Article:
Friday, 20 January 2012
2.The outer layer of the eye is called the sclera. It is the solid, white and opaque tissue to which the eye muscles are attached. It consists of connective tissue and gives shape to the eye while protecting
its inner tissues. It contains the greater part of the eye and connects with the transparent cornea at the front of the eye.
3.The choroid is the middle layer of the eyeball. It covers the sclera inside the eyeball. The choroid consists of small blood vessels which provide oxygen and nutrients to the outer layers of the retina.
4.The retina is a thin tissue that covers the inner part of the eye. It stretches from the place where the optic nerve enters the eyeball to where the choroid connects with the iris. The retina receives light, and transforms it into nerve impulses that are transported along the optic nerve to the brain, which interprets the images.
5.The optic nerve carries the impulses, or stimuli, generated by the retina towards the brain. The optic nerve contains more than a million nerve fibres. Each nerve fibre can convey several signals to the brain at the same time. At least 50% of all nerve stimuli received by the brain come from the eyes. The place where the optic nerve leaves the eyeball is called the papilla, better known as the blind spot.
6.The blind spot is about one and a half millimetres in diameter and corresponds to the place where the optic nerve leaves the eyeball. Here there is no retina, so both the cones and the rods are not able to produce ad send nerve stimuli to the brain. Therefore light that falls on that spot is not recognised, thus the name, the blind spot.
7.The macula is located in the centre of the retina, close to the blind spot. It is very small but contains a high concentration of cones and is one of the most sensitive part of the retina. By means of it we are able to perceive minute details.
8.The blood vessels bring nutrition and oxygen to the eye.
9.The vitreous body is a clear jelly-like substance, surrounded by a thin membrane. It fills the inner part of the eye and pushes the inner layers of the eye against the outer wall.
10.The ciliary body consist of strong muscles which contracts and relaxes to focus on objects at different distances. When the muscles contract, the lens becomes more convex (bulging or curving outwards), improving the focus for closer objects. When the ciliary muscles relax, it flattens the lens, improving the focus for farther objects. The suspensory ligaments consists of strong fibres that hold the lens in its position.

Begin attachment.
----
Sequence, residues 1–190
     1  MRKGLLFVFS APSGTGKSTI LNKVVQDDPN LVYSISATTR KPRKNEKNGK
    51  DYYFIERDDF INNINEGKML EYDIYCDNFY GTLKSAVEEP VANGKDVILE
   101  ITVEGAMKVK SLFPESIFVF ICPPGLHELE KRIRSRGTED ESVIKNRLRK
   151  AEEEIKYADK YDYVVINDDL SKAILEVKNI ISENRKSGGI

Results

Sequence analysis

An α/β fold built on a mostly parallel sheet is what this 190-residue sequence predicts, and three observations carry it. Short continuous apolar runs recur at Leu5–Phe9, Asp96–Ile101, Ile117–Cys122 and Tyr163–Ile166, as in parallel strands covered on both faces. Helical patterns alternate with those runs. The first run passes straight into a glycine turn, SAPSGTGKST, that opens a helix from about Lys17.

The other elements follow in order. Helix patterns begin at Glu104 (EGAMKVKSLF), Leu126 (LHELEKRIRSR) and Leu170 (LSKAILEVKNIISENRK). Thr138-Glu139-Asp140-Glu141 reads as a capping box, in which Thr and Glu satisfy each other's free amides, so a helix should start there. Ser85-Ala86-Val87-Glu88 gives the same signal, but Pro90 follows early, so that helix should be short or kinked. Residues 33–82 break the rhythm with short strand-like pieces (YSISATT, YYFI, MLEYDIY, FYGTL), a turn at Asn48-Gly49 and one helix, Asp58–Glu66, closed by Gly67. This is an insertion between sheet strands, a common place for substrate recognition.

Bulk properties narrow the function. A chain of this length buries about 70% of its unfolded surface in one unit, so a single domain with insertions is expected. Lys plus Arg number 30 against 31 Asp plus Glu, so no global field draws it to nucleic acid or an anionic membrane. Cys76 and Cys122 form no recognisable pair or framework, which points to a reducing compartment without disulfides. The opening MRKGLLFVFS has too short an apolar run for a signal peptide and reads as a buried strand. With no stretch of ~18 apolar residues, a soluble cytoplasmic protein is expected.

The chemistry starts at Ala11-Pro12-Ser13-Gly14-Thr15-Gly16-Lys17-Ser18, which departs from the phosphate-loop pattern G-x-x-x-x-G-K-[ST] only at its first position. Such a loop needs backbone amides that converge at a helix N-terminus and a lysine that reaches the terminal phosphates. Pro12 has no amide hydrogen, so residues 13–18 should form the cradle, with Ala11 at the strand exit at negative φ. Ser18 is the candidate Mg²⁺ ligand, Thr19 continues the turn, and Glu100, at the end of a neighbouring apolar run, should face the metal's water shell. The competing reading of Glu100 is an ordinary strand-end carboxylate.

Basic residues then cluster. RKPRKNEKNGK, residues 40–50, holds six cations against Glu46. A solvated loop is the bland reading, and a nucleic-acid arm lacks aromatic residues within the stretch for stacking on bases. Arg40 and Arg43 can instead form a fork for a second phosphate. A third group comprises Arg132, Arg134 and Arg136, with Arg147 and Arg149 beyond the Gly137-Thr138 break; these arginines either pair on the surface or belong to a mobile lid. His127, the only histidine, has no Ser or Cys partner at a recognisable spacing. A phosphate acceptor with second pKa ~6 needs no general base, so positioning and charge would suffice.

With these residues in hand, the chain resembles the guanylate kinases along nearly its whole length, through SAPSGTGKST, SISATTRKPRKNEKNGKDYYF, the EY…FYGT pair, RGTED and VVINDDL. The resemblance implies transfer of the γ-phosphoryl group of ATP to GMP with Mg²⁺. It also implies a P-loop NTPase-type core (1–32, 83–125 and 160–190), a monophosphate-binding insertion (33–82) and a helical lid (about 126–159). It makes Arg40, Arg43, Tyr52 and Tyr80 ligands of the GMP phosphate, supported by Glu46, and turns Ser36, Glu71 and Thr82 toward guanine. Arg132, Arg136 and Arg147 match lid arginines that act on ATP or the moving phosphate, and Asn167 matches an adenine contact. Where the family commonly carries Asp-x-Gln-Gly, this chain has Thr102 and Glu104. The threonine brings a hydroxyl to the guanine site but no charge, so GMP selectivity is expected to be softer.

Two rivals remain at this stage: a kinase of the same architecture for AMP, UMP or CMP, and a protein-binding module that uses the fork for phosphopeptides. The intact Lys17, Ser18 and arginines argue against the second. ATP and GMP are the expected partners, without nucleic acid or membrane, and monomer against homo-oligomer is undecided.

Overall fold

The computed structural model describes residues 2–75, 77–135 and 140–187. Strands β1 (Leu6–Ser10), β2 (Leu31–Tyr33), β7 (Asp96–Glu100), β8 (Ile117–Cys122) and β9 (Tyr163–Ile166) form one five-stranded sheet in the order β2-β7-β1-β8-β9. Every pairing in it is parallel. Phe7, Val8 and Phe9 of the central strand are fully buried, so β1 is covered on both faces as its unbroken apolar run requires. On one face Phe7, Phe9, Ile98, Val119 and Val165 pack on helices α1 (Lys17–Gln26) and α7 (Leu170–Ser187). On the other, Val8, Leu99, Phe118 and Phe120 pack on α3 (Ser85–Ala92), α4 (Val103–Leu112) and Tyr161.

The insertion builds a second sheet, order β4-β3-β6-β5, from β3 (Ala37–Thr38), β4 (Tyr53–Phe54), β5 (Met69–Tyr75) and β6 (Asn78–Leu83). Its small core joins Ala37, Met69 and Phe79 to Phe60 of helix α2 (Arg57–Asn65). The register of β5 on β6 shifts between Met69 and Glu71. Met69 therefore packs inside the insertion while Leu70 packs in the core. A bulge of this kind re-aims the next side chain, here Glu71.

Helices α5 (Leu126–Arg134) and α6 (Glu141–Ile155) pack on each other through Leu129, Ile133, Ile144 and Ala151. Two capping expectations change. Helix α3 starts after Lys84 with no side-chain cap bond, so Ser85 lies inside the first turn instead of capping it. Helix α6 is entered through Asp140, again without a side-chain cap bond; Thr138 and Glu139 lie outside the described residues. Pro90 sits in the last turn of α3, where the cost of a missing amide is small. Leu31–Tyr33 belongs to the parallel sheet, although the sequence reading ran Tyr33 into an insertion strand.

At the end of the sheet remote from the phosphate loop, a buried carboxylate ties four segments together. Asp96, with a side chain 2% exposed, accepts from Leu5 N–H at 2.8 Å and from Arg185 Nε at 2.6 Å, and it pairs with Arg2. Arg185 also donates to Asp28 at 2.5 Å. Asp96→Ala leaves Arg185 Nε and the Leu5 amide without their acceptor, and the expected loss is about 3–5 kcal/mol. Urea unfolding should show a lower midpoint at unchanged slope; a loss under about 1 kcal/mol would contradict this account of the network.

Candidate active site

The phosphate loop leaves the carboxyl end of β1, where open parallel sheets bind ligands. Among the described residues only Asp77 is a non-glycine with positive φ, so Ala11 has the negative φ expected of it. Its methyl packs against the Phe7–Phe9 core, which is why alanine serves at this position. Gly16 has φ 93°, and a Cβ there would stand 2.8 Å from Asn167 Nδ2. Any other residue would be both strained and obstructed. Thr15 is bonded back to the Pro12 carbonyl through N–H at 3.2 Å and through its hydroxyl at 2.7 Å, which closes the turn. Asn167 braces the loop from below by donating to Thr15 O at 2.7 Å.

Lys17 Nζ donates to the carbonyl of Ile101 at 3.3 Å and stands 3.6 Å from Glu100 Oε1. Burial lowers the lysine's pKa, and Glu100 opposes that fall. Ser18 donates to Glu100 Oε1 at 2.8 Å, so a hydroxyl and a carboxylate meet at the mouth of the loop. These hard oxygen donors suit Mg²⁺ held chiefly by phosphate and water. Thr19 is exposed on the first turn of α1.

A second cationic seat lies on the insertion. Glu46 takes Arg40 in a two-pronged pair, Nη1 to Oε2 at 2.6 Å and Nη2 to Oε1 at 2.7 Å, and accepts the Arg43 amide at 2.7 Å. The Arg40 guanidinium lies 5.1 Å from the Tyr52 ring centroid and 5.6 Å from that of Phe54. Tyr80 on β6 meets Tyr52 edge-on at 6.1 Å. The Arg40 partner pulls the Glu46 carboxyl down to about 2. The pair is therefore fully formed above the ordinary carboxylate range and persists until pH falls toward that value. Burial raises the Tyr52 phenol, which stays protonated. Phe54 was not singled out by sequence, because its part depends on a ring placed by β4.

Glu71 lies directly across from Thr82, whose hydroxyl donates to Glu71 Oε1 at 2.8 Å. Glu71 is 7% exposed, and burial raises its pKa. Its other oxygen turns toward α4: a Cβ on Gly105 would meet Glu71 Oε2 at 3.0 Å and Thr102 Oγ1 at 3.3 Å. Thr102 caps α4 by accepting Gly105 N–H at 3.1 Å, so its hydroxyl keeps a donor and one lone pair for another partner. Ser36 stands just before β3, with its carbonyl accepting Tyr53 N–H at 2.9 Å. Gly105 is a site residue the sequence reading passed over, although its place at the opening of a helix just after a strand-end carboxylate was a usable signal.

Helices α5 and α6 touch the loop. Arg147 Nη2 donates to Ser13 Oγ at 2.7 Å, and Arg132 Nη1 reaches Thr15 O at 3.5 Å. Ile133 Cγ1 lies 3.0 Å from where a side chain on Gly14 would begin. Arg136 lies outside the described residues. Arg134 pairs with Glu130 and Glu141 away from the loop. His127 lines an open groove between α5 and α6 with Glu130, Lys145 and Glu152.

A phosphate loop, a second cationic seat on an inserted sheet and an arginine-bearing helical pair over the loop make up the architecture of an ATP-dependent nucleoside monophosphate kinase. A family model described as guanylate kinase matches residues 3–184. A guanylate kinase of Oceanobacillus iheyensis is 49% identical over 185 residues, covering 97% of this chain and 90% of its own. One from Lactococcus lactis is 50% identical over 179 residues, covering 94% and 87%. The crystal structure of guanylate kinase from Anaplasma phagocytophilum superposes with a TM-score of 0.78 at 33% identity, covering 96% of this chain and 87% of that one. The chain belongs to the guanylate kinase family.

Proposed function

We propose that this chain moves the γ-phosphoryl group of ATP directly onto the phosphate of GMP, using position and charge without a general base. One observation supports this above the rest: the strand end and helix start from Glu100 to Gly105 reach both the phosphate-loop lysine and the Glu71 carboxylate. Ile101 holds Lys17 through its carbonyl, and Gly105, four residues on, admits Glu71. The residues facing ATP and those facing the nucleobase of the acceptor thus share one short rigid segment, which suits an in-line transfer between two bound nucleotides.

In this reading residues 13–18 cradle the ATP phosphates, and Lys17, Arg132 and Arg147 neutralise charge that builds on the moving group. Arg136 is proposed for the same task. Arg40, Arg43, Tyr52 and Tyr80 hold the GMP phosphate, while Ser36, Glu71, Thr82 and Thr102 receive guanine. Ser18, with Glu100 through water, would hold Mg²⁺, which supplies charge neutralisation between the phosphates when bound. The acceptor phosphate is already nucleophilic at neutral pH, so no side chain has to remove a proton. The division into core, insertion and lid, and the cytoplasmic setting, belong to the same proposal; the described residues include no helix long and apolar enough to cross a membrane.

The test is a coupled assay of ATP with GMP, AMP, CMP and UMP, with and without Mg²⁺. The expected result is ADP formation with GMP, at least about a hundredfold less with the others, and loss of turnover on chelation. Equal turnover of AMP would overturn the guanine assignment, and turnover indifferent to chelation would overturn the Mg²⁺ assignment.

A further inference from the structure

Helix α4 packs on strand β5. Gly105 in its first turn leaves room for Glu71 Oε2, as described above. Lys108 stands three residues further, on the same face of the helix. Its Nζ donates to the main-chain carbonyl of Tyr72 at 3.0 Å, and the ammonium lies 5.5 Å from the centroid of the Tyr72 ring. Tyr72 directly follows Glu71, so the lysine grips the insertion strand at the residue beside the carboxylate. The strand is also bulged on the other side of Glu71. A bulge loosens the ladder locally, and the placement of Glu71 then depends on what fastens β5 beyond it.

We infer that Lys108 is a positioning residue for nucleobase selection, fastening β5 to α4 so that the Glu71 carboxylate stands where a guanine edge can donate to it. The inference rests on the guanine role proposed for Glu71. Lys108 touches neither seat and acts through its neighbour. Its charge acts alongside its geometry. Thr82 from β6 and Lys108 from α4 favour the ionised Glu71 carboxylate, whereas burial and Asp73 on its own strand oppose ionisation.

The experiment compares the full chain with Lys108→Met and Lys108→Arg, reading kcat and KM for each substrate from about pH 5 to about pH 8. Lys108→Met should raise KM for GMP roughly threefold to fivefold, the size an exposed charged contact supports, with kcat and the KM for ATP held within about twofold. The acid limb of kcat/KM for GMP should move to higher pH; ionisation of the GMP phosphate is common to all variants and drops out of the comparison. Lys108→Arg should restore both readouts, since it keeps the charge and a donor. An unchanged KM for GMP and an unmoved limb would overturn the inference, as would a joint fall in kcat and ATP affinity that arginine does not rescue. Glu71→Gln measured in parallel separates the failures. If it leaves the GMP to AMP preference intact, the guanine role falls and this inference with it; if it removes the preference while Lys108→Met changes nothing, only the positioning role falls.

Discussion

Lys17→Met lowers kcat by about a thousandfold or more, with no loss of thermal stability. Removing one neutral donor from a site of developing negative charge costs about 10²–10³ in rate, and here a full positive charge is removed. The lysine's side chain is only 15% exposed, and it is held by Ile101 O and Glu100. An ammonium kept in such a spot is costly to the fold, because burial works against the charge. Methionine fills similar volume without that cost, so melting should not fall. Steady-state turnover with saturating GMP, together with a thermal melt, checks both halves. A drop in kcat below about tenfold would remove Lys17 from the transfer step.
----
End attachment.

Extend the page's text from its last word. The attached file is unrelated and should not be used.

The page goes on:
11.The posterior chamber of the eye is where the aqueous humour (a clear fluid containing nutritional substances for the lens, the cornea and the vitreous humour) is produced. This part of the eye is just behind the iris.
12.The anterior chamber is the space between the cornea and the iris. Because aqueous humor is constantly produced and evacuated, the pressure in the eyeball remains constant.
13.The pupil is the dark opening that is located in the middle of the iris. The pupil controls the amount of light that enters the eye. In bright light, the pupil narrows in order to protect the retina. In lesser light, such as in a dark room, the pupil widens to allow more light to enter the eye.
14.The iris is the coloured part of the eye lying behind the cornea. The colour of the iris is determined by the number of pigment cells. If there are many of these pigments, the iris is usually brown; if there are fewer, the iris is either blue or grey.
15.The cornea is the transparent, clear tissue at the front of the eye. Light enters the eye through the cornea’s wide surface and is directed towards the pupil. Two thirds of the refractive power of the eye is due to the cornea. It contains many nerve ends, therefore it is very sensitive. To avoid drying up, tears are spread by blinking over the surface of the cornea.
16.The crystalline lens is the clear lens which hangs behind the pupil. Together with the cornea it ensures that the light rays entering the eye are concentrated and directed so as to fall exactly on the retina. This is called refraction. The flexibility of the lens enables it to become flatter or steeper, by means of the internal muscle (mentioned above), depending on the distance from the object viewed. This way, an object, whether near or far away, can be seen as a sharp image. The image on the retina is an inverted picture of the object whose light rays are received by the eye.